History of the Children's Hospital of Philadelphia (CHOP)
A great grandson of Benjamin Franklin (T.Hewson Bache), a wealthy bachelor (F W Lewis) and a classmate of Oscar Wilde (A F Penrose) were instrumental in establishing the first children’s hospital in the United States. The doors opened on November 23, 1855 at 408, Blight Street (now known as Watts Street) in Philadelphia, PA. This is the Children’s Hospital of Philadelphia, affectionately known among the alumni and patients as C H O P.
After two more moves, once in 1865 and once in 1916, the Hospital moved to the present location in 1974. The idea was to be in close proximity to the University of Pennsylvania with which it was officially affiliated in 1919. Dr.Joseph Stokes became the Chief of the Hospital and Chairman of the Department of Pediatrics in 1939. With the arrival of Dr.T.F.McNair Scott as the Director of Research, the current trajectory for excellence in clinical care and research was set.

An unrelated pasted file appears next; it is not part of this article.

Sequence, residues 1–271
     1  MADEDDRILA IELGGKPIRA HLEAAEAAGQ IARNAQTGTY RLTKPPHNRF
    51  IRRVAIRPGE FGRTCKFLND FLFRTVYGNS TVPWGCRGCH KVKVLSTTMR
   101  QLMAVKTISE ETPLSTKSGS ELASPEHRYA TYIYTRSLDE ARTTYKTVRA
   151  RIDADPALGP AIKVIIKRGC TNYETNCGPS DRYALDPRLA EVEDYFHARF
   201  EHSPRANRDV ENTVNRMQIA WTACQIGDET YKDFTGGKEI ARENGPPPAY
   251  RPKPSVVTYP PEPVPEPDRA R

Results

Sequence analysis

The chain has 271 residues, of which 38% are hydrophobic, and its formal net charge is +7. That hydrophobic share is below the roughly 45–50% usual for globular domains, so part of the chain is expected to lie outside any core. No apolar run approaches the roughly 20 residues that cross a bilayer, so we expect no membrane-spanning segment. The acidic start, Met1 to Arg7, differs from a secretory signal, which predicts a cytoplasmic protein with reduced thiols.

There are several Firsts the Hospital can claim, including the establishment of the Department of Preventive Medicine (1914), neonatal surgical unit, neonatal intensive care unit and more recently a specialized delivery unit for mothers carrying babies with known birth defects. Several innovations and research activities which have benefitted children all over the world include: vaccine development (gamma globulin, rubella and rota virus), balloon catheter, incubators for newborns, homogenized, pasteurized milk as infant food etc.
CHOP has also been in the forefront of pediatric education. The first resident physician (Dr. Rudolfo Valdevesio) was appointed in 1873. Formal education of medical students started in 1877. Training of pediatric nurses started in 1894.
The hospital also has interesting connections with the history of the Children’s Seashore House and the St.Chistopher’s Hospital for Children.
This poster will describe other milestones in the history of CHOP and also of important historical figures who were responsible for its status as one of the best children’s hospital in the world.
Radbill, Samuel X. The Children’s Hospital of Philadelphia. Philadelphia Medicine 70 (9): 351-371, 1974.
Several Annual Reports to the Board of Managers going back to 1881.